27 Aug, 2012 In quiet praise of introverts in a loud world, The Age
MOST people I know have taken at some stage the Myers-Briggs personality test. For a long time, I refused to be tested, partly because I thought my personality should be one aspect of life that isn’t subjected to quasi-scientific evaluation. My act of resistance, I told myself, was a defiant gesture against the triumph of managerialism in modern life.
A few weeks ago I succumbed to an idle moment of weakness. I took a quick test online and discovered, among other things, that I was supposedly an introvert.
This surprised me a little as I had always assumed I was an extrovert. I don’t mind crowds; I enjoy speaking and debating in public. Few of my friends would describe me as the shy or retiring type.
Yet the truth is I’ve always had a side of me that has cherished intense solitude. My research work as a political philosopher tends to be done alone among books. I am often most fulfilled when I am deep in thought or writing. There remains something about ”the life of the mind” that appeals to me.
Modern Western cultures don’t always value such an orientation. For example, many have traditionally considered Australians to be utilitarian in our approach to life. It is said that we prefer the practical over the theoretical. Our idealised national personality is based on the idea of ”having a go”, something usually regarded as the opposite of contemplative reflection.
In her recent book Quiet: The Power of Introverts in a World That Can’t Stop Talking, American writer Susan Cain explores some of the cultural assumptions behind Western thinking about temperament and personality. In her view, our modern social norms are defined by a celebration of the ”Extrovert Ideal”. We seem to admire a particular type of individual: the one who isn’t afraid to put themselves forward.
As a result, introversion is now a second-class personality trait, a symptom of moral impairment. We have, according to Cain, turned extroversion ”into an oppressive standard to which most of us feel we must conform”.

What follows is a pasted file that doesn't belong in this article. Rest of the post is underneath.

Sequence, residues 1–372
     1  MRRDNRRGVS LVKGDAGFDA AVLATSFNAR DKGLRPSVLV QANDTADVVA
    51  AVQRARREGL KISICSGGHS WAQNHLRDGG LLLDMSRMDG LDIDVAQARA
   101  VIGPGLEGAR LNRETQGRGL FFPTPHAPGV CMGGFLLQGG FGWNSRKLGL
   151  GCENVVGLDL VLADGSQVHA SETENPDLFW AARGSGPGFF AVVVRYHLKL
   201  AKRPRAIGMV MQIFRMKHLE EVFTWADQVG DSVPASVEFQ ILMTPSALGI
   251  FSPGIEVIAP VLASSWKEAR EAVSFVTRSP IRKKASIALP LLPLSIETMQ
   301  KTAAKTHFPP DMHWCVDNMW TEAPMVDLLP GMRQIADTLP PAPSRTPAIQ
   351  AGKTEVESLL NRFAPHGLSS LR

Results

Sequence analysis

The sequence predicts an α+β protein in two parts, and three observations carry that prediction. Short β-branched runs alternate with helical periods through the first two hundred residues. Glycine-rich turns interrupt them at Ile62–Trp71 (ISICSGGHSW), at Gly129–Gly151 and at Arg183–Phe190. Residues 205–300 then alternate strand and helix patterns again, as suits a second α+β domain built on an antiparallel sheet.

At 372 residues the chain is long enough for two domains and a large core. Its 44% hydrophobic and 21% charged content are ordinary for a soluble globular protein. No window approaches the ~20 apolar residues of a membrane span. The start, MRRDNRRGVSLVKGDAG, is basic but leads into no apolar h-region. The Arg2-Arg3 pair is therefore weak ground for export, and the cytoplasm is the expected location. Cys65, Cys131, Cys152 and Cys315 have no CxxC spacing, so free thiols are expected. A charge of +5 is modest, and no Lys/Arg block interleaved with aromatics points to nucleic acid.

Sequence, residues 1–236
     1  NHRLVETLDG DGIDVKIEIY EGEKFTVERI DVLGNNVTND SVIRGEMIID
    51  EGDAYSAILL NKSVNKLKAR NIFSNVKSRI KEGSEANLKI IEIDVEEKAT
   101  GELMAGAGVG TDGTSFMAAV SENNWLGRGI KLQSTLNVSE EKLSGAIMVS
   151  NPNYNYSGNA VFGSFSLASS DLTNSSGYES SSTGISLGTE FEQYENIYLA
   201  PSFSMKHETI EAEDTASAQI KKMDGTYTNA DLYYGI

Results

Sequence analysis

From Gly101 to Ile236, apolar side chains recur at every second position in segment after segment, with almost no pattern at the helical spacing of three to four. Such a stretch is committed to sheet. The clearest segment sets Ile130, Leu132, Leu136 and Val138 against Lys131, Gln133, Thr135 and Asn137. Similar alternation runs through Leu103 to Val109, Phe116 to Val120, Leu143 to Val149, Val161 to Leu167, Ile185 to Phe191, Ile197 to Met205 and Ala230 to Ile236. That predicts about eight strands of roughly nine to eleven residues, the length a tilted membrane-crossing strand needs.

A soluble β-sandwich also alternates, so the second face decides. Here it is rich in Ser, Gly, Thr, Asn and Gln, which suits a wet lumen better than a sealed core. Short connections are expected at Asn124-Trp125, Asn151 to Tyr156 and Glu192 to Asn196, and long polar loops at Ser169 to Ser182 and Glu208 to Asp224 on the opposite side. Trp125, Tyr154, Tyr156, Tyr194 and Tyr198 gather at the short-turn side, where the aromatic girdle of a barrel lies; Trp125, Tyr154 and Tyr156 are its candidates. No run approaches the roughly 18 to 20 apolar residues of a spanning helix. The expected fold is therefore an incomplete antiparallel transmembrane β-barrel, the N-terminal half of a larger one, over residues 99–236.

This has been a long time in the making. Since around the turn of the 20th century there has been a shift from a culture of character to a culture of personality. Whereas we once believed the ideal self was defined by discipline, honour and moral purpose, we now place greater emphasis on openness, sociability and charisma. The self has come to be about performance rather than integrity.
Much of Cain’s story reflects the development of American society and the demands of mature capitalism. The rise of big business and urbanisation meant there was an advantage to being a ”mighty likeable fellow”. Being affable was important to getting ahead not only in large anonymous workplaces, but also getting on in a society of strangers.
However, what may have started as something American is now definitively global. There is something about the Extrovert Ideal that seems true of our own Australian experience.
Any trend towards the priority of personality over character has, moreover, been reinforced by technological change. Therapeutic narcissism may define future generations, if it doesn’t already define some current ones. Fewer and fewer musings are left private; the modern self is about self-disclosure. Social media, for those of us who use it, mean that we are permanently connected to the thoughts and whims of friends and acquaintances.
As Cain powerfully argues, our easy acceptance of extroversion mightn’t be a good thing.
There is something wrong with believing that the ideal self must be ”gregarious, alpha, and comfortable in the spotlight”. The behaviour associated with confident extroversion doesn’t necessarily lead to better results. Researchers have found that introverted CEOs tend to perform better than extroverted ones. Pundits on American television have been shown to be less likely than random chance to make correct predictions about political and economic trends.
There is much in Cain’s insightful book that is worth considering. It isn’t always a good thing to be bold and certain. Sometimes it is better to be unassuming and reflective – to listen and not talk. And it is possible to have multiple sides to one’s personality: we aren’t all simply extroverted or introverted, but exhibit such characteristics in degrees.
Modern societies, increasingly defined by pluralism, contain a paradox. We may need to look within before we can live better with others. It is the test of citizenship today that we accept moral and cultural differences, and learn from them. But we can’t understand others unless we first understand ourselves.
In more practical terms, we shouldn’t assume that the most vocal or confident person is the one who is correct or the one who should lead. As the ancient Chinese philosopher Laozi put it: ”Those who know do not speak. Those who speak do not know.”